* Plum tomatoes can be used either whole or chopped. It is difficult to stick chopped tomatoes back together again if you need to use them whole.

    And finally ...

    ICE CREAM

    Yes, I know this is a bit of a cheat, but I have my reasons. Firstly, let's not push the OP's luck. Secondly, if you serve three scoops, of mint, vanilla and strawberry, ie. the colours of the Italian flag, your reputation as a culinary genius is as good as guaranteed. Also, finally, if the lady has eaten enough, it can be dispensed with, or even taken elsewhere, if you know what I mean.
    Last edited by Stephen Leak; 22-09-2009 at 1:57 AM.
  • confuseddad
    Cheers everyone. Going away this weekend. So going to get me finger out and do a meal next weekend on the sunday prehaps.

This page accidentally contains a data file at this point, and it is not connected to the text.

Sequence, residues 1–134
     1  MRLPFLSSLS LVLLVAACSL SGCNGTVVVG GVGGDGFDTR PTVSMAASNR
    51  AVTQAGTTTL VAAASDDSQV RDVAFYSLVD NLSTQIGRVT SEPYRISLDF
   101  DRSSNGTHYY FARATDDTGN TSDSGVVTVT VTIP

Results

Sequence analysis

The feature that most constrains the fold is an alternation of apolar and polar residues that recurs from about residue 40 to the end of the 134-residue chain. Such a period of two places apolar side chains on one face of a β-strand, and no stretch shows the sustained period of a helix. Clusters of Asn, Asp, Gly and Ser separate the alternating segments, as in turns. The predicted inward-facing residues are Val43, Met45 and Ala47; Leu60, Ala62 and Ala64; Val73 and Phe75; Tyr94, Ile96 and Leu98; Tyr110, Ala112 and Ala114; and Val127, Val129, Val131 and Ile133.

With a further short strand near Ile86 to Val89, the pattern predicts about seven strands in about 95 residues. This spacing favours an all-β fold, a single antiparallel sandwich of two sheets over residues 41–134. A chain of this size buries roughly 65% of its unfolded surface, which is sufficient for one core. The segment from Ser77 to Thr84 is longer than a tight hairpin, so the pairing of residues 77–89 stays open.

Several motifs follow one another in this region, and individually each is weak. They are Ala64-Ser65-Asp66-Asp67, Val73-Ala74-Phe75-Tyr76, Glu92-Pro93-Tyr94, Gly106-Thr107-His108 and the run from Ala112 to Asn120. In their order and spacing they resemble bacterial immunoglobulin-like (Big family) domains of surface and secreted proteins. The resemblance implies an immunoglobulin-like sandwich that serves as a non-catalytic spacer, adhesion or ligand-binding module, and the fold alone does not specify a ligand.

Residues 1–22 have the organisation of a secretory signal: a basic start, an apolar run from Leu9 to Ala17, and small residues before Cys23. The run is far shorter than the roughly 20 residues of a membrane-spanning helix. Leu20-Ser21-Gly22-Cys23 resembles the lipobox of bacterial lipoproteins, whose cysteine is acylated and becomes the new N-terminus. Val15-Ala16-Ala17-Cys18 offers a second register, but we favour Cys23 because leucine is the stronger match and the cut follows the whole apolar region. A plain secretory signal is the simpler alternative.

Bottle of wine, maybe a candle or two. Dim the lights. Might even Light the fire!!!!
  • Woofles
    Just a passing thought before I go and attack some pots.

    Risotto - quick , simple and can be made with the usual store cupboard standbys, rice, (obviously), onion, peas, mushrooms. Only needs one pan, 'cos us women hate it when it looks as if the third world war has erupted in our kitchen, and nearly looks after itself. Make it your signature dish and once you've got the hang of it the variations are endless.
  • RachelW1987
    Veggie Mossaka is good too!!

    Also Pasta always goes down a treat with lots of lovely peppers and mushrooms and tomatoes